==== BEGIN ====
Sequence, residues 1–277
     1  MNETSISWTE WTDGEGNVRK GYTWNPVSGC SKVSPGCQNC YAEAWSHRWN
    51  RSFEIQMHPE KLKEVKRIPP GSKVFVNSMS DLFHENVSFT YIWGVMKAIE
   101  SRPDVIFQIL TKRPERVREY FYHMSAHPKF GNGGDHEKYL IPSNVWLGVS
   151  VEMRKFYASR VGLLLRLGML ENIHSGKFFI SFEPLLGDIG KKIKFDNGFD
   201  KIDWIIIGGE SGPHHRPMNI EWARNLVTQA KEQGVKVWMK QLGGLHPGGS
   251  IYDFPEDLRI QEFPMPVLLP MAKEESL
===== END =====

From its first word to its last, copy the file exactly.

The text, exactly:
Sequence, residues 1–277
     1  MNETSISWTE WTDGEGNVRK GYTWNPVSGC SKVSPGCQNC YAEAWSHRWN
    51  RSFEIQMHPE KLKEVKRIPP GSKVFVNSMS DLFHENVSFT YIWGVMKAIE
   101  SRPDVIFQIL TKRPERVREY FYHMSAHPKF GNGGDHEKYL IPSNVWLGVS
   151  VEMRKFYASR VGLLLRLGML ENIHSGKFFI SFEPLLGDIG KKIKFDNGFD
   201  KIDWIIIGGE SGPHHRPMNI EWARNLVTQA KEQGVKVWMK QLGGLHPGGS
   251  IYDFPEDLRI QEFPMPVLLP MAKEESL